Variants at microRNA-137 (MIR137), one of the most strongly associated schizophrenia risk loci identified to date, have been associated with poorer cognitive performance. As microRNA-137 is known to regulate the expression of ~1900 other genes, including several that are independently associated with schizophrenia, we tested whether this gene set was also associated with variation in cognitive performance. Our analysis was based on an empirically derived list of genes whose expression was altered by manipulation of MIR137 expression. This list was cross-referenced with genome-wide schizophrenia association data to construct individual polygenic scores. We then tested, in a sample of 808 patients and 192 controls, whether these risk scores were associated with altered performance on cognitive functions known to be affected in schizophrenia. A subgroup of healthy participants also underwent functional imaging during memory (n=108) and face processing tasks (n=83). Increased polygenic risk within the empirically derived miR-137 regulated gene score was associated with significantly lower performance on intelligence quotient, working memory and episodic memory. These effects were observed most clearly at a polygenic threshold of P=0.05, although significant results were observed at all three thresholds analyzed. This association was found independently for the gene set as a whole, excluding the schizophrenia-associated MIR137 SNP itself. Analysis of the spatial working memory fMRI task further suggested that increased risk score (thresholded at P=10(-5)) was significantly associated with increased activation of the right inferior occipital gyrus. In conclusion, these data are consistent with emerging evidence that MIR137 associated risk for schizophrenia may relate to its broader downstream genetic effects.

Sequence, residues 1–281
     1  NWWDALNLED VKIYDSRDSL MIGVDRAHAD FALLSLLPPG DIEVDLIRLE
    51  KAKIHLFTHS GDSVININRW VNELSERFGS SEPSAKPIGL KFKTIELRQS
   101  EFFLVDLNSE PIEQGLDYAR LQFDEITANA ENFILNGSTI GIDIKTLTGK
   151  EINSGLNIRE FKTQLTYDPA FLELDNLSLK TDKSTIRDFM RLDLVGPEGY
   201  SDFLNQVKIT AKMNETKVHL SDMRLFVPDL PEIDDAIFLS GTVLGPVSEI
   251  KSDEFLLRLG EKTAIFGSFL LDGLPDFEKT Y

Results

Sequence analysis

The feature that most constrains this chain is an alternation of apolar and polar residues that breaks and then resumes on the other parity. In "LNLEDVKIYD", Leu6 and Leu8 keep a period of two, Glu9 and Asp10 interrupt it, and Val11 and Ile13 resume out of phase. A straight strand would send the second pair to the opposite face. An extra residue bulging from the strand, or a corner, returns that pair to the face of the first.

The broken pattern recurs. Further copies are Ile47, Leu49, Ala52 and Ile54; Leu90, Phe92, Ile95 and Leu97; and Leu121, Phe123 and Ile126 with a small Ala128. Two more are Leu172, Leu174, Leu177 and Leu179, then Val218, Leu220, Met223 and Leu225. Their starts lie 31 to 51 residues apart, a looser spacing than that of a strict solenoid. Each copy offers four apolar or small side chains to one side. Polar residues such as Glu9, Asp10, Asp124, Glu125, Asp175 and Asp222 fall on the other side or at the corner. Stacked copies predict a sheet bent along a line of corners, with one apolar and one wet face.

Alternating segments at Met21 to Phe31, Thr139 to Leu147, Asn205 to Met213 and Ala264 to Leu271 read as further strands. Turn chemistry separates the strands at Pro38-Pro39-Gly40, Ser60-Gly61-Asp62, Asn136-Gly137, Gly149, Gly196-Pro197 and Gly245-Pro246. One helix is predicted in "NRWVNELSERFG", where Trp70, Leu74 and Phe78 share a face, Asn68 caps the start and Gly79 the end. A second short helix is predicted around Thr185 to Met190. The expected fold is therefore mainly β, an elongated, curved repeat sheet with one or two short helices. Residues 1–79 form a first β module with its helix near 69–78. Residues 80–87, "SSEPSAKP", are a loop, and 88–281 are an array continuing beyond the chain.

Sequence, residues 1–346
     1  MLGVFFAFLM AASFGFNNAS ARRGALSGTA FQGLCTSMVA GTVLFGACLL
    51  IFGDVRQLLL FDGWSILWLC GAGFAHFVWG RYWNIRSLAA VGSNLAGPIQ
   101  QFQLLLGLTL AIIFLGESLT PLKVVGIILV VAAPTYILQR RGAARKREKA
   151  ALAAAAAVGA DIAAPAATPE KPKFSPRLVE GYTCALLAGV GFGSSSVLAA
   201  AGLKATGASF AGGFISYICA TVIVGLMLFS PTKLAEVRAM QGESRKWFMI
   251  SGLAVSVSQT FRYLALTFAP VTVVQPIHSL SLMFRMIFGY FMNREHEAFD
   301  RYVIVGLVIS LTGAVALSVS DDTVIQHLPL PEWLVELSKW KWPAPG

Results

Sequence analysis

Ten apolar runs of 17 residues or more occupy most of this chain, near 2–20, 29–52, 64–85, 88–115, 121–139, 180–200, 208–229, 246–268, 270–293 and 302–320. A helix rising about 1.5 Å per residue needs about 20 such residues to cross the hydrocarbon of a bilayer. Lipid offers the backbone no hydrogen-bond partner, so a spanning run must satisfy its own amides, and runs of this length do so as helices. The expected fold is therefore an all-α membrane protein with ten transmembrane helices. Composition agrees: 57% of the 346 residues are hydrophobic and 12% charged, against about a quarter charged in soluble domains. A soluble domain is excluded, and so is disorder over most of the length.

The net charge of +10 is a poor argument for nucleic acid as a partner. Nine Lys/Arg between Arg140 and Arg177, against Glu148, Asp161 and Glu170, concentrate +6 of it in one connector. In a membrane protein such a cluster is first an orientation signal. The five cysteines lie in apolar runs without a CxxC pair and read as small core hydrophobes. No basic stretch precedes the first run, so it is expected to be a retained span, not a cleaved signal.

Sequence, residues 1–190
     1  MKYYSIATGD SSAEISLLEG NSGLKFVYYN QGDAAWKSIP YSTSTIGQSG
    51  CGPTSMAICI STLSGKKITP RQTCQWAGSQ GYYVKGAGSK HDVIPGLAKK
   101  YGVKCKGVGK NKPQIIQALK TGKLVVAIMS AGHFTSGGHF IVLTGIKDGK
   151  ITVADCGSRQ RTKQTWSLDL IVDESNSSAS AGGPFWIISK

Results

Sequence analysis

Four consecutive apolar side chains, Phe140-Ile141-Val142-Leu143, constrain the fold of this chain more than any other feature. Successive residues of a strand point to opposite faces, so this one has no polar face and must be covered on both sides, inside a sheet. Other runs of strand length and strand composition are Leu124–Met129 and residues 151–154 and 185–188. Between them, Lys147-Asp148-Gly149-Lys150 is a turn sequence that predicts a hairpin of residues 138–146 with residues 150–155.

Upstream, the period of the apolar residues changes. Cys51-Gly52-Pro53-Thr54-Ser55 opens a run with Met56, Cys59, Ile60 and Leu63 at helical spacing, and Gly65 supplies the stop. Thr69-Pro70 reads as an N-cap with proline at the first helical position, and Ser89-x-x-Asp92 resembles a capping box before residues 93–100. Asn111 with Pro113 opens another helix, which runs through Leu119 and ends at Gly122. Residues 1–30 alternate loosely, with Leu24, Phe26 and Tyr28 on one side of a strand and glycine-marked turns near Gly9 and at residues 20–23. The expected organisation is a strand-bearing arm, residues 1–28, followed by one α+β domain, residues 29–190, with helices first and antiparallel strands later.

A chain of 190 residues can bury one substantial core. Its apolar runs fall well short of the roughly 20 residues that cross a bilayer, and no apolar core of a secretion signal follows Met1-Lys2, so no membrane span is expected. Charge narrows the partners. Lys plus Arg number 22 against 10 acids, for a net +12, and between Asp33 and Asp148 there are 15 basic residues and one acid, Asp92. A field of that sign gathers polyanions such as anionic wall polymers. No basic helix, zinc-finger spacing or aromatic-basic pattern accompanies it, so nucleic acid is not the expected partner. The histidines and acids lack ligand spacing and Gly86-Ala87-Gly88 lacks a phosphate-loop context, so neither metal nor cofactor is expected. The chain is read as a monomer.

Trinity College Dublin ->